Uruguay - Country Commercial Guide
Labeling/Marking Requirements
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Products entering Uruguay must comply with all national legislation, as well as Mercosur legislation adopted by Uruguay.  Some departmental (state) governments are also entitled to establishing labeling rules and inspections.

The Laboratorio Tecnológico del Uruguay (LATU, Uruguay’s technical laboratory), the Ministry of Public Health, and departmental governments control labeling and marking requirements for all imported products.  Products such as textiles, foodstuff, footwear, medical equipment, pharmaceuticals, pesticides, cigarettes, and cosmetics have their own specific labeling requirements.

Labeling requirements for foodstuffs were established by Decrees 315/94, 41/92, and 41/93.  According to legislation, labels must be in Spanish, contain a list of ingredients or components of the product, country of origin, expiration date, net weight, and the full name and address of the manufacturer and importer plus preparation instructions.  The municipal government of Montevideo also regulates how the different requirements must be shown on the label.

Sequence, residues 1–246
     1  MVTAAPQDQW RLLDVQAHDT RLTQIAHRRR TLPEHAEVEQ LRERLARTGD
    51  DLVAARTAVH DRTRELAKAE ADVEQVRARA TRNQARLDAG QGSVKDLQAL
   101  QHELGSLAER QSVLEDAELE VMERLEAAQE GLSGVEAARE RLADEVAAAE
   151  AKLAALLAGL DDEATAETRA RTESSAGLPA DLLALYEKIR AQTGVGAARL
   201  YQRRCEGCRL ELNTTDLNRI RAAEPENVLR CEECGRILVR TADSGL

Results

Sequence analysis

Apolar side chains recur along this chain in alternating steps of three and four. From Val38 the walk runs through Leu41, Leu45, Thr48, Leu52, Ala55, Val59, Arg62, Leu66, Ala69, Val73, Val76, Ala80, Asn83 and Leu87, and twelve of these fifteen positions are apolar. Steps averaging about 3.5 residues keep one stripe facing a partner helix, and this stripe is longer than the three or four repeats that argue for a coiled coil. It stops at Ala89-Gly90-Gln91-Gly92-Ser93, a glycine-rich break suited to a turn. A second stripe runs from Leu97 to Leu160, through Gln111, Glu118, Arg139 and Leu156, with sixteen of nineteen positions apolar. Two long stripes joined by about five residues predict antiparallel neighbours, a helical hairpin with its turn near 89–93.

Imported products may include the original label of the country/language of origin but must also have a sticker or label attached to the package with the information required by Uruguay’s authorities.  Manuals, product literature, and other written materials, while not required, will be more useful if written in Spanish.  A consumer defense law, approved in 2000, regulates labeling requirements.  Companies that can adapt their labels to local standards have a competitive advantage.

Since February 2018, departmental (sub-national state governments) food labeling laws have been enacted making it mandatory to label food products containing genetically modified organism (GMO).  Private laboratories and the Food Molecular Traceability Laboratory in the University of the Republic conduct testing for GMO ingredients in food. 

In 2018, Uruguay issued the decree 272/18 mandating that packaged food labels must indicate if the food has high levels of fat, sugars, sodium or trans fats.  The implementation of the decree came into effect in February 2021, aligned with the labeling norm to the Mercosur food labeling regulations.  Uruguay is the second country in Latin America after Chile to make food labelling mandatory in products with excess of fats, sodium, and sugar and wants to become a reference for Mercosur countries on this topic.